be as much as eight times higher to transmit the message.
• When distances are short, it may nonetheless be both
feasible and economic to use parallel channels in return for
high data rates.
• The baud rate refers to the signalling rate at which data is
sent through a channel and is measured in electrical
transitions per second.
• The data rate of a channel is often specified by its bit rate .
• However, an equivalent measure channel capacity is
• In general, the maximum data rate a channel can support
is directly proportional to the channel’s bandwidth and
inversely proportional to the channel’s noise level.
• Parallel communication implies more than one
wire in addition to a ground connection.
• An 8-bit parallel channel transmits eight bits (or
a byte) simultaneously.
• A serial channel would transmit those bits one at
• If both operated at the same clock speed, the
parallel channel would be eight times faster.
• A parallel channel will generally have additional
control signals such as a clock, to indicate that
the data is valid, and possibly other signals for
handshaking and directional control of data
• A communications protocol defines the order and
meaning of bits in a serial transmission.
• It specify a procedure for exchanging messages.
• A protocol will define how many data bits compose a
message unit, the framing and formatting bits, any
error-detecting bits that may be added and other
information that governs control of the
• Channel efficiency is determined by the protocol
design rather than by digital hardware considerations.
• Reliability-protocols provide greater immunity to
noise by adding error-detecting and -correcting codes.
• Baud Rate : The baud rate of a data communications
system is the number of symbols per second
• Modulation techniques are methods used to encode
digital information in an analog world.
• The 3 basic modulation techniques are:
• AM (amplitude modulation)
• FM (frequency modulation)
• PM (phase modulation)
• All 3 modulation techniques employ a carrier signal.
• A carrier signal is a single frequency that is used to
carry the data.
• For digital, the DATA is either a1 or 0. When we
modulate the carrier, we are changing its
characteristics to correspond to either a 1 or 0.
AM - Amplitude Modulation
• Amplitude Modulation modifies the amplitude of the
carrier to represent 1s or 0s.
• In the below, example, a 1 is represented by the presence
of the carrier for a predefined period of 3 cycles of carrier.
• Absence or no carrier indicates a 0.
• Simple to design.
• Noise spikes on transmission medium interfere with the
• Loss of connection is read as 0s.
Frequency Modulation (FM)
• Frequency Modulation modifies the frequency of
the carrier to represent the 1s or 0s.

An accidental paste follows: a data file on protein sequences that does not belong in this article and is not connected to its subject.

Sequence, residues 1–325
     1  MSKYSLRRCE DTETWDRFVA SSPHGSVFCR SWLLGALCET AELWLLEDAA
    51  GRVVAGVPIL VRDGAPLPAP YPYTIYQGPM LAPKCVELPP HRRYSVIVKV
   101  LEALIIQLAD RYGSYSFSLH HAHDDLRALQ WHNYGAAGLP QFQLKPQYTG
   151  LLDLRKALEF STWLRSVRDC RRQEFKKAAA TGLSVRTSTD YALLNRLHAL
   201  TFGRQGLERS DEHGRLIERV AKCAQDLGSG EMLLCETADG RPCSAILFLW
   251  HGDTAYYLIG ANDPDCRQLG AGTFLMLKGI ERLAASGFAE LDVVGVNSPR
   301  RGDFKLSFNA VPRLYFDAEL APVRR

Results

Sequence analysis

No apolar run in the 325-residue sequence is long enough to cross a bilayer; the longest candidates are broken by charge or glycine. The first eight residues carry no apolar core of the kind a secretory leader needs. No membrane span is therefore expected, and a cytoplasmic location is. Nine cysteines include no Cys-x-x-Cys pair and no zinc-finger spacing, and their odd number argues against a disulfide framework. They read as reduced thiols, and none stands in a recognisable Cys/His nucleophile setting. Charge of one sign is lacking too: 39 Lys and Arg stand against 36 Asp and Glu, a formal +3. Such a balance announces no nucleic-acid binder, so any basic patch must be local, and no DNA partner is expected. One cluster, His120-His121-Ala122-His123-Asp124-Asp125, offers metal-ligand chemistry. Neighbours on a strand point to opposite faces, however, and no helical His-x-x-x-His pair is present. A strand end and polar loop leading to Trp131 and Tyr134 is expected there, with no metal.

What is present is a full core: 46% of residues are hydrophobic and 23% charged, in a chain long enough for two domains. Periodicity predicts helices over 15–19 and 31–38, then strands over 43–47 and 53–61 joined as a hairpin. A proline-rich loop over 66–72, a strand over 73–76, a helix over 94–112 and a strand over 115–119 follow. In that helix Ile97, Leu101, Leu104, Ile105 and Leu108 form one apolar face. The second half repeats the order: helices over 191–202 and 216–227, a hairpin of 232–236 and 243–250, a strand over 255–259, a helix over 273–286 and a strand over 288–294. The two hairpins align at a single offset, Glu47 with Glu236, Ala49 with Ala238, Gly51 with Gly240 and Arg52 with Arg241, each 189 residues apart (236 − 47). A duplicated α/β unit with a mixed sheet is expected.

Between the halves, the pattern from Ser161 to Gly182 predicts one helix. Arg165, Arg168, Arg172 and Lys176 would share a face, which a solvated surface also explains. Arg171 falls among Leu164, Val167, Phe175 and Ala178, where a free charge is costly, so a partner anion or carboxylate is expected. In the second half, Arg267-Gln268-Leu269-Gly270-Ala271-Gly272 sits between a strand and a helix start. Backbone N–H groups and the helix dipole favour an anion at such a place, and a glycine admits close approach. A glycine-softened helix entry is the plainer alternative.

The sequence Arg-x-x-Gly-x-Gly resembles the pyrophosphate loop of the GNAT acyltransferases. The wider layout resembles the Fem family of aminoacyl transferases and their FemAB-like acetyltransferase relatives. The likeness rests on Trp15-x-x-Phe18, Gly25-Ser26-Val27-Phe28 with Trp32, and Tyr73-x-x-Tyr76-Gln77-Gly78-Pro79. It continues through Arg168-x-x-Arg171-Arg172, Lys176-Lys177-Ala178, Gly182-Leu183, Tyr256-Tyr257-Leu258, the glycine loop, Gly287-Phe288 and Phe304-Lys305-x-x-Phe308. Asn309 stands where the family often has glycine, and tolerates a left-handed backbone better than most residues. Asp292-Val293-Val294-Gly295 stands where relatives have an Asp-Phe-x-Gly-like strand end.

• In the example below, a 0 is represented by the
original carrier frequency and a 1 by a much
higher frequency -the cycles are spaced closer
• Immunity to noise on transmission medium.
• Always a signal present. Loss of signal easily
• Requires 2 frequencies
• Detection circuit needs to recognize both
frequencies when signal is lost.
Phase Modulation (PM)
Phase Modulation modifies the phase of the carrier to
represent a 1 or 0.
• The carrier phase is switched at every occurrence of a 1
bit but remains unaffected for a 0 bit.
• The phase of the signal is measured relative to the
phase of the preceding bit.
• The bits are timed to coincide with a specific number
of carrier cycles (3 in this example = 1 bit).
• Only 1 frequency used
• Easy to detect loss of carrier
• Complex circuitry required to generate and detect
• What is the need for storage of information?
• What considerations are there while choosing a storage device for information?
• What are short & long term storage devices?
• Studying the file organization is an important aspect of computer science. Explain
• A file should be organized in such a way that the records are always available for
processing with no delay. What are the schemes for doing so?
• What are the techniques for searching records in a file?
• Write short notes on:
• Sequential (SAM)
• Line Sequential (LSAM)
• What is data communication?
• Define signals. Distinguish between periodic and a periodic signals.
• What are the factors on which data rate depends on?
• Describe Nyquist bit rate formula for noisy channel. 12.Describe Shannon Capacity
formula for noisy channel. 13.Distinguish between serial & parallel data
communication. 14.What are communication protocols and there relevance?
15.What are signal modulation techniques? Describe the following
• AM (amplitude modulation)
• FM (frequency modulation)
• PM (phase modulation)